Challenges of Using MS

 

Despite the growth of testing by MS and its many advantages, there remain several challenges to its use in the clinical laboratory. “Few graduates enter the workforce with practical, hands-on experience with mass spectrometers, and without a good understanding of this technology it is possible to generate meaningless or misleading results,” noted Mark W. Duncan, PhD, of University of Colorado Heath Science Center Fitzsimons (Aurora, Colo.), and a member of the CLSI committee.

 

Although the basic MS technology has been around for decades, a mystique still surrounds its use. “MS has been a rather specialized field, and it is a technology that is somewhat unfamiliar to most people working in clinical laboratories,” Rockwood observed. Along with training and understanding of the equipment, there are other problems with the widespread adoption of MS. “Acquiring high-quality standard materials, such as calibrators and controls, is sometimes a challenge. Maintaining and operating instrumentation to a high standard can also be difficult because mass spectrometers are complex instruments that have not yet been optimized for use in clinical laboratories.” And, as Rockwood points out, “Proficiency testing is still being developed for some analytes for which an MS peer group has not yet been established,”

 

A Reference and Resource

 

To help laboratorians offer MS-based testing, the new CLSI MS guideline provides accurate and state-of-the-art information. It is divided into six areas: advantages and disadvantages of the methodology; precautions for the use of MS; quality control considerations; assay verification/validation; approaches to reporting results; and communication of the data. To illustrate these concepts, the document uses concrete examples of how MS is currently being used.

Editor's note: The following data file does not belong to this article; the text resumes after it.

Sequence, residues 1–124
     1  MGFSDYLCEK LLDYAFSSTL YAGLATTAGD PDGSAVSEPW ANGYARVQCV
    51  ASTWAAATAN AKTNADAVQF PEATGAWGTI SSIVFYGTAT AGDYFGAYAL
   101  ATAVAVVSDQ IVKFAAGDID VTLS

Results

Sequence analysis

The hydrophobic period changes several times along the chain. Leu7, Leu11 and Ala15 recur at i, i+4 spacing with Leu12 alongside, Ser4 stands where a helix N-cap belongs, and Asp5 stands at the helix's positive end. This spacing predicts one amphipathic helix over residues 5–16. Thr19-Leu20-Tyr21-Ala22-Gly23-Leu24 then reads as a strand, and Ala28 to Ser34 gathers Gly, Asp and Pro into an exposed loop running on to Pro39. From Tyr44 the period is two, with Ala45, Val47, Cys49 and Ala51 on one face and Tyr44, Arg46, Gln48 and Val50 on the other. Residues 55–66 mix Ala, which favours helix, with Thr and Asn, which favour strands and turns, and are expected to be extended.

Members of the committee are enthusiastic about what the new guideline offers to both novice and expert laboratorians. “The guideline has been carefully crafted using CLSI’s consensus process with input from a group with diverse experience,” noted Duncan. “If you have little or no experience with mass spectrometry, this is a good place to start.For the expert, the document highlights the areas of importance and draws the critical information together in a single document.”

 

Rockwood echoes that enthusiasm. “In many cases, the CLSI MS guideline will be where a laboratorian will find answers to questions such as how to set up a selection matrix for matching application classes to instrument types, or what factors to consider when setting up quality control programs.